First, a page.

Edith Marold 2012, ‘Kenning’ in Diana Whaley (ed.), Poetry from the Kings’ Sagas 1: From Mythical Times to c. 1035. Skaldic Poetry of the Scandinavian Middle Ages 1. Turnhout: Brepols, p. lxx.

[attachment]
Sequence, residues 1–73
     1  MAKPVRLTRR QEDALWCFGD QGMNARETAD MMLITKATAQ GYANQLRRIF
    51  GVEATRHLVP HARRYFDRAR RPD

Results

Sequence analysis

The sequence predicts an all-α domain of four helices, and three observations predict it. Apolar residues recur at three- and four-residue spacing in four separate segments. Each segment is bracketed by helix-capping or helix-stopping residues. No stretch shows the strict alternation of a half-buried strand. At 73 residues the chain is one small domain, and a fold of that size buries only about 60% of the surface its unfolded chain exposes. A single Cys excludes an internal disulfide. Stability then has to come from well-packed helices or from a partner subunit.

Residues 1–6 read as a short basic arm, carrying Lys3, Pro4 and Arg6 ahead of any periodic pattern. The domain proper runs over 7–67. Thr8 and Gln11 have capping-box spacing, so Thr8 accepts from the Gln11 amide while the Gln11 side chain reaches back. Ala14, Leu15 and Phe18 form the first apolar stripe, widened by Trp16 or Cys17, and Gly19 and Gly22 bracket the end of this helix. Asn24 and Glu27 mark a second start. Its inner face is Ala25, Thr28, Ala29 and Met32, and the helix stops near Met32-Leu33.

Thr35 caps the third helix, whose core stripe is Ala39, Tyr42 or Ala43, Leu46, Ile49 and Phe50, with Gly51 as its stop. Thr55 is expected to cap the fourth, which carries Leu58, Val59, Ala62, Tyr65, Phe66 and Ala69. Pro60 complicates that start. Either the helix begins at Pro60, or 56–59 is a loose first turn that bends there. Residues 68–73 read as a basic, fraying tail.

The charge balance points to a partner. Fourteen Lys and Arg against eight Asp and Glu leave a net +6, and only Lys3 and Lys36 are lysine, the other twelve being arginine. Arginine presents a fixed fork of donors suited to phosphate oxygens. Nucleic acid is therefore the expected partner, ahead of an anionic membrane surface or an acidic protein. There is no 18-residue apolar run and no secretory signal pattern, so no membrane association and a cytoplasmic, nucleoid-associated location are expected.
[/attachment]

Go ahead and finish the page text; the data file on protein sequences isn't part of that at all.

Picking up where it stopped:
The kenning, as a two-part periphrasis circumscribing a simple notion, though found in other poetic corpora such as the Poetic Edda, was probably introduced into them through the influence of skaldic poetry. Kennings do occur in Old English poetry, especially in Beowulf, but these differ significantly from skaldic kennings. The fact that they occur in other poetic corpora suggests that kennings are an inheritance from Germanic poetry. This is also indicated by the use of a kenning in a runic inscription dating to around 700 (the Eggja Stone, Run KJ101VI), where the periphrasis ná-séo (Runic nᴀseu) ‘corpse-sea’ is used for ‘blood’. The skaldic kenning differs in two characteristic features from these simple, mostly two-part periphrases: in its variability, and in its building of complex clusters (see below).